mother was out running an errand.        Once again, Ochoa began rubbing

the victim’s breasts while she was sleeping on the living room

couch.     The victim testified that when her mother returned from

her errand, Ochoa stopped what he was doing and left the room.

When Ms. Ortiz walked into the living room, she found her daughter

on the couch crying; the daughter then revealed that Ochoa had been

molesting her.

       The next morning, Ms. Ortiz brought her daughter to her

mother’s house and contacted Child Protective Services (CPS).         The

case was assigned to Nora DeWitt, a CPS investigator.         Ms. DeWitt

arranged for the child to have an examination on February 5, 1996,

at a children’s medical center.      The victim was examined by a CARE

unit, which is a group of medical professionals specializing in

forensic pediatrics.      Dr. Jan Leah Lamb, who headed the CARE team

that     examined   the   victim,   testified   in   detail   about   her

qualifications and the procedures for determining if a patient has

been sexually molested.        Although she found no physiological

evidence of abuse, Dr. Lamb testified that in her opinion, the

victim had been molested.     She explained that due to the anatomy of

                                     3
the vagina and the time that had lapsed between the assault and the

examination, the lack of trauma to the victim’s vagina did not rule

out molestation.    In fact, Dr. Lamb testified that there is no

physical evidence of sexual abuse in most child abuse cases.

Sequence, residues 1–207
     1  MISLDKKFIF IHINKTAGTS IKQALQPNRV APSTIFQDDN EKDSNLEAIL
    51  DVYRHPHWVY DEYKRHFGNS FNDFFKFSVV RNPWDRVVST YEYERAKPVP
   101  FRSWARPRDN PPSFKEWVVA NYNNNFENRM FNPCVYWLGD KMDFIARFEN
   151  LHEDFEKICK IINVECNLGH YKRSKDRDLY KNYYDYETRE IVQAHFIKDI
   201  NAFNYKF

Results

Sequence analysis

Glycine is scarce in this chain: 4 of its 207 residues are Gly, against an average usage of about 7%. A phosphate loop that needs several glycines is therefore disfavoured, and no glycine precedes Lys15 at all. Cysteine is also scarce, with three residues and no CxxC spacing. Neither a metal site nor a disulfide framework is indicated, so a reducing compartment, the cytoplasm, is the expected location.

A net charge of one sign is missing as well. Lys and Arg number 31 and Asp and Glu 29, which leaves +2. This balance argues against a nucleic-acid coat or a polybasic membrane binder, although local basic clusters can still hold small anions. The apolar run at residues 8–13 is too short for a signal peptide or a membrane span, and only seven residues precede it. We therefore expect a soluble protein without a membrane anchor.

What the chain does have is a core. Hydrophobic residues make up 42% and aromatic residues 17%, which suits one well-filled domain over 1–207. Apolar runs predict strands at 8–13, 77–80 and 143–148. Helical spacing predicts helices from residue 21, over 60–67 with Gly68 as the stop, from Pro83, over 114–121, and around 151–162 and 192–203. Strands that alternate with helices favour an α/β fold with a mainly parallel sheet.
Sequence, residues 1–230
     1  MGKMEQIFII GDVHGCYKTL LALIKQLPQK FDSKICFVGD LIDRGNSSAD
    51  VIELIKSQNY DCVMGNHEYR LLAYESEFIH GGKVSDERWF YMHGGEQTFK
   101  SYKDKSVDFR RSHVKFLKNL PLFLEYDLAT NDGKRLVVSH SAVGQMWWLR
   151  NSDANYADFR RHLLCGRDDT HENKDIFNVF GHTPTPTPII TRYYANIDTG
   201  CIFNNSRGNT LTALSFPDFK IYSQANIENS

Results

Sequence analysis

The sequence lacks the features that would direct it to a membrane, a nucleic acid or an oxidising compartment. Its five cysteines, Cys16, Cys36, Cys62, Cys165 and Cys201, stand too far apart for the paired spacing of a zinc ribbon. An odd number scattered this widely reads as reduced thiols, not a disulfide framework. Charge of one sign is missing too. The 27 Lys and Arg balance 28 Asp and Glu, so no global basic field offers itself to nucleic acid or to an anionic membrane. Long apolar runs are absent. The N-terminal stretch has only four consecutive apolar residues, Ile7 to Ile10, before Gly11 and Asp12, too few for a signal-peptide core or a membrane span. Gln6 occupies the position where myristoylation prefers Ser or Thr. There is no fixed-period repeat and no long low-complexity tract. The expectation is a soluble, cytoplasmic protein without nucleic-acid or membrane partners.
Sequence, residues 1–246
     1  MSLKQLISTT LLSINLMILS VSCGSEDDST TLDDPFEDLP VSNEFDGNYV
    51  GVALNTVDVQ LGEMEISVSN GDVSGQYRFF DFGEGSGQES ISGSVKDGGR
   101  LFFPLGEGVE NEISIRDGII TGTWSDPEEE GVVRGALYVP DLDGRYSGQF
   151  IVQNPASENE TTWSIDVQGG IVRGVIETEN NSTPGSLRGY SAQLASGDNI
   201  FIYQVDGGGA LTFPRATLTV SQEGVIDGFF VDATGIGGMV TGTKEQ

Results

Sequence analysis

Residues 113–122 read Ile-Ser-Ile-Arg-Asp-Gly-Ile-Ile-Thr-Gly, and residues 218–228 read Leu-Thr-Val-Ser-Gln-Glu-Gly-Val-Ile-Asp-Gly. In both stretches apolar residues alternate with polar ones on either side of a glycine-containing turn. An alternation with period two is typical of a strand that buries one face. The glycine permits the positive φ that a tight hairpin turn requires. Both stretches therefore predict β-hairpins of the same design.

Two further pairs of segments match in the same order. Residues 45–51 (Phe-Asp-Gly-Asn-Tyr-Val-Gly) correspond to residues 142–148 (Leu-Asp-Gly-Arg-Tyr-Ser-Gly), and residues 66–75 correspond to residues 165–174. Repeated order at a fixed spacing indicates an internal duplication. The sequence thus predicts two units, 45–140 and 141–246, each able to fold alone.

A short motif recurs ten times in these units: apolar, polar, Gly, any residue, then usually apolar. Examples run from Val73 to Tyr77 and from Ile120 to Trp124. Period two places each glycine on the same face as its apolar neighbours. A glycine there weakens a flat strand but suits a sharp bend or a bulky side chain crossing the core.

CPS investigator Nora DeWitt also concluded that Mr. Ochoa had

molested the victim.    As part of her investigation, Ms. DeWitt

interviewed the victim, Ms. Ortiz, and Mr. Ochoa.   In light of the

CARE evaluation and her own investigation, Ms. DeWitt closed this

case finding “reason to believe that abuse had occurred.”2

      Finally, the state presented evidence that Mr. Ochoa admitted

to engaging in indecent acts with the victim.   The victim’s mother

testified that when she confronted Mr. Ochoa with her daughter’s

allegations, he responded that “he had to do what he had to do.   He

couldn’t get it from me, [so] he was going to get it from her.”

Ms. Ortiz further testified that Mr. Ochoa specifically admitted to

fondling her daughter’s breasts, but denied penetrating her.

      The essence of the petitioner’s defense was that the victim

fabricated the molestation story to win her mother’s attention and

that the lack of physical evidence discredited any claims of

penetration. Mr. Ochoa’s strongest witness was Christina Martinez,

Ochoa’s fifteen-year-old step-niece who was friends with the victim


  2
    Ms. DeWitt testified that when closing a child abuse case, CPS
investigators classify the case in one of three ways: “One is
reason to believe that abuse occurred, one being ruled out that
abuse did not occur, and one of unable to be determined if abuse
occurred or not.”

                                 4
during the time in question.           Ms. Martinez testified that the

victim told her that Mr. Ochoa had molested her.              But when Martinez

made clear that the allegation was nothing to joke about, the